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For Immediate Release

Contact: Stephen Ferguson, Rare Books and Special Collections
Princeton University Library, 609/258-3165

Princeton University Library Acquires Rare Friedrich Nietzsche Collection

Princeton NJ -- Friedrich Nietzsche (1844-1900) is widely regarded as one of the most revolutionary philosophical thinkers. The Princeton University Library recently acquired one of the finest collections of Nietzsche’s works available in the world today, including first editions of all his books. This valuable addition is made possible, in part, by funds provided by the Andrew W. Mellon Foundation. The funds are a portion of the Distinguished Achievement in the Humanities Award given in 2001 to Professor Alexander Nehamas, the Edmund Carpenter II Class of 1943 Professor in the Humanities and professor of philosophy and comparative literature.

Nietzsche was a precocious genius who started composing music in his teens and had an intense and problematic relationship personally and ideologically with the German composer Richard Wagner. He also started teaching at the University of Basel at the astoundingly early age of 24. His ideas and methods molded modernist thinking about religion, morality, and reason itself. Not appreciated during his lifetime, Nietzsche gradually became one of the most influential thinkers of the twentieth century and his significance continues unabated.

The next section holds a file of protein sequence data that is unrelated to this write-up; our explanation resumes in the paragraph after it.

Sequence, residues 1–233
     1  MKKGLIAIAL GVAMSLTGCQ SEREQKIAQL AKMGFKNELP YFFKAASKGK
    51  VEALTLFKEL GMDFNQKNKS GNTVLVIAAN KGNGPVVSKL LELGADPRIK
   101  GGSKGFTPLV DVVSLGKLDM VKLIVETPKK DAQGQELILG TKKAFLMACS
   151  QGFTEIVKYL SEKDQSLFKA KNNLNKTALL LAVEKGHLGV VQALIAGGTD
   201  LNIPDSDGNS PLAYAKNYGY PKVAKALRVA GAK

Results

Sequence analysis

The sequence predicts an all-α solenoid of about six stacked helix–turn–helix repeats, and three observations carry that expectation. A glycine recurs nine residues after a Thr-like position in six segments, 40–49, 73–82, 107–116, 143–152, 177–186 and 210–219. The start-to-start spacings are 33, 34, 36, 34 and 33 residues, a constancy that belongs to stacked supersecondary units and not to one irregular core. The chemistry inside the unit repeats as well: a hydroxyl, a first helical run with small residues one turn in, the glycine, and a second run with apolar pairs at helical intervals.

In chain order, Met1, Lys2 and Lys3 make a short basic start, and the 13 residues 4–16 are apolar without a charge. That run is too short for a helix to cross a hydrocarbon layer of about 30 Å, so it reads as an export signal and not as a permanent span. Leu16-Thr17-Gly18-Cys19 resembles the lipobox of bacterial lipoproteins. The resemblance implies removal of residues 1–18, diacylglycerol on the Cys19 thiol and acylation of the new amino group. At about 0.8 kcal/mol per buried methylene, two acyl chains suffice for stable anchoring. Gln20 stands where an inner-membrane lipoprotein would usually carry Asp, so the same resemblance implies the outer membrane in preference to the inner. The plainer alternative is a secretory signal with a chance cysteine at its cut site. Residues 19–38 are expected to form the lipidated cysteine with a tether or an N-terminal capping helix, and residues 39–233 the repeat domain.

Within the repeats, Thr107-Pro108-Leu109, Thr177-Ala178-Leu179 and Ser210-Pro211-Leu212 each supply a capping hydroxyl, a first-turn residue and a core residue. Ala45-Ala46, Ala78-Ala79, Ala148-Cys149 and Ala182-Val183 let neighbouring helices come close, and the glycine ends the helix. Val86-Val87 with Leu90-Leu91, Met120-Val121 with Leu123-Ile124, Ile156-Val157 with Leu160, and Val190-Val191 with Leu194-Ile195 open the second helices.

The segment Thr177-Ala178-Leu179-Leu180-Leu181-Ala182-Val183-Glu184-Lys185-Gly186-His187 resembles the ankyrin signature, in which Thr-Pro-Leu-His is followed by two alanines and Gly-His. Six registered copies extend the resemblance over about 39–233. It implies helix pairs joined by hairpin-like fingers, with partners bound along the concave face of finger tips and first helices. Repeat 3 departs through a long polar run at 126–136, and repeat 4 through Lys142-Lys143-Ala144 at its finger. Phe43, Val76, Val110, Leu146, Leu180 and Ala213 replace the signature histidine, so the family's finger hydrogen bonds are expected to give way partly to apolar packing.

Professor Nehamas is enthusiastic about this acquisition. “This remarkable collection is the most complete set of first editions of Nietzsche’s works outside the Nietzsche Archive in Weimar,” he said. “Copies of many of these books are very rare because, since Nietzsche’s reputation was not established until after his death, they were published in very small numbers and remained unsold and uncollected. Their text often differs from the reconstructed text of the standard edition scholars and philosophers are now using; these differences will be of great importance to historians of German letters and German philosophy, and the collection, especially if we eventually complete it, will draw them to Princeton. I am grateful to the Library, to the University and, most of all, to the Mellon Foundation for making it possible to keep these marvelous books together and preserve them for the future.”

Professor Stanley Corngold of the Department of Germanic Languages and Literatures adds these remarks: “This incomparable collection will contribute enormously to a more nuanced, more apt apprehension of the author and his work, and of the bond between the author and his work, for these are the books of himself that Nietzsche could have held in his own hands.”

The books are currently being cataloged and should be available for scholarly use early in the new year. For more information please contact Stephen Ferguson, Curator of Rare Books at (609) 258-3165.